Volta Zero prototype chassis revealed


Volta Trucks, a start-up electric commercial vehicle manufacturer, has revealed the first running prototype chassis of the Volta Zero, a purpose-built, fully electric 16-tonne vehicle designed for inner-city logistics.

The first running Volta Zero prototype chassis has been designed and built using the proposed production specification frame and drivetrain components of the finished vehicle. This includes the high-voltage battery, supplied by Proterra, and the compact eAxle (an integrated rear axle, electric motor and transmission unit) from Meritor. The Volta Zero will be Europe’s first commercial vehicle to use an eAxle for increased efficiency and vehicle range.

The prototype chassis adds the proposed production-specification frame and drivetrain and it can be driven at normal road speeds. The chassis is due to start a comprehensive testing programme on proving grounds soon, with learnings taken into the production of a pilot fleet of vehicles expected to be delivered in late 2021. These vehicles will be tested by Volta Trucks engineers as well as being evaluated by key customers that have signed up for both testing and options for series production, to develop their understanding of how the Volta Zero will integrate into their operations. Full-scale production of customer-specification vehicles is expected to follow at the end of 2022.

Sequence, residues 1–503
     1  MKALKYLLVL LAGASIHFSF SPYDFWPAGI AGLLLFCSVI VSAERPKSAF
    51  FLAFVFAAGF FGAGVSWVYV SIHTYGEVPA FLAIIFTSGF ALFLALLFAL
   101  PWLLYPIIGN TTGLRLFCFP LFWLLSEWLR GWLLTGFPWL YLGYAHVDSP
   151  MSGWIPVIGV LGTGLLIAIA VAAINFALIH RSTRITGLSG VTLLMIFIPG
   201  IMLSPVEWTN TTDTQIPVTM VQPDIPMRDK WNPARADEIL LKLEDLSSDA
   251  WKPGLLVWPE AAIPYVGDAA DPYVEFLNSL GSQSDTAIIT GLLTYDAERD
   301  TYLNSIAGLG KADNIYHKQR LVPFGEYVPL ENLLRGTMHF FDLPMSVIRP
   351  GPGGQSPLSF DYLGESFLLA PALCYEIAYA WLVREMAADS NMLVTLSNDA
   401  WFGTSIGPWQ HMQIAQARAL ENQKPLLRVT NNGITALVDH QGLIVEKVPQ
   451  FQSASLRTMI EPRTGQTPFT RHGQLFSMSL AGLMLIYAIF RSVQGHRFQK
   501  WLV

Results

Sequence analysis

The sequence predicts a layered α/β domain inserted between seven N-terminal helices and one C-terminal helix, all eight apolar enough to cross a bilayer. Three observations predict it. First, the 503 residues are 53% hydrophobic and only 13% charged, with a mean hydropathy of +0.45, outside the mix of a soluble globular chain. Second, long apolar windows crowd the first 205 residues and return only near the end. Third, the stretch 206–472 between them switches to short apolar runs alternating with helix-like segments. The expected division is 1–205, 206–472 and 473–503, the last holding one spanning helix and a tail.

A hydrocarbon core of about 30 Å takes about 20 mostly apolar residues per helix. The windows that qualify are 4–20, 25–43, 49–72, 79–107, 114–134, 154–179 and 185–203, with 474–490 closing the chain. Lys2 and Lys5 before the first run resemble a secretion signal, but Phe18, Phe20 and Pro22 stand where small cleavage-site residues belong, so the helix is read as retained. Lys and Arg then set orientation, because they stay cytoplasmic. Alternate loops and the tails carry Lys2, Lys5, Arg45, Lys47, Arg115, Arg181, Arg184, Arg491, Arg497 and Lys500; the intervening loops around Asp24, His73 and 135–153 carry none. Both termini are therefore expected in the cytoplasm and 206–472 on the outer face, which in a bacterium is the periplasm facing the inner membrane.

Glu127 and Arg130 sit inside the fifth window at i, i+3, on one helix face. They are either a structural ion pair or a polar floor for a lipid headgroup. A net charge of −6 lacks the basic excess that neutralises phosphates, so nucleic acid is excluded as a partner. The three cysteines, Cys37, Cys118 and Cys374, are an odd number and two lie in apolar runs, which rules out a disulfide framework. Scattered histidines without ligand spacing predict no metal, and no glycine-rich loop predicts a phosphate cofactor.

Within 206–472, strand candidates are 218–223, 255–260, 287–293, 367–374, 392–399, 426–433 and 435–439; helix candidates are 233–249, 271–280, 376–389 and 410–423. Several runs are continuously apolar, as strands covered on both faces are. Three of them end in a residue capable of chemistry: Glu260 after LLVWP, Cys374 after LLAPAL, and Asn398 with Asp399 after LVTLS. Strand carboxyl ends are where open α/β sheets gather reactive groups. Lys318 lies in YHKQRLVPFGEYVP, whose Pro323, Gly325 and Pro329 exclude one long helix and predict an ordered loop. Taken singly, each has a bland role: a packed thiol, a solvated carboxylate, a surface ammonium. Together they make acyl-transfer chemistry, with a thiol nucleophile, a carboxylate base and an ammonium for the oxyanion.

Essa Al-Saleh, CEO of Volta Trucks said, “The reveal of our first running prototype Volta Zero chassis is a major milestone on our journey to producing the first customer-specification vehicles in around 18 months’ time.

“While traditional vehicle manufacturers take years to undertake market assessments, design processes and vehicle development, at Volta Trucks, we work at speed because we know that the world’s climate emergency cannot wait, and our customers need vehicles now. In six months we have designed and developed a running prototype chassis, and 18 months from now, we will be building series production vehicles for our customers. This is what they need, this is the speed they need us to work at, and this is what we’ll deliver.”

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Adam divides his time as an editor between the worlds of aviation and motoring. These worlds may seem a little diverse today, but autonomous technology and future urban mobility is bringing them ever-closer. Adam is also chairman of the Vehicle Dynamics International Awards.

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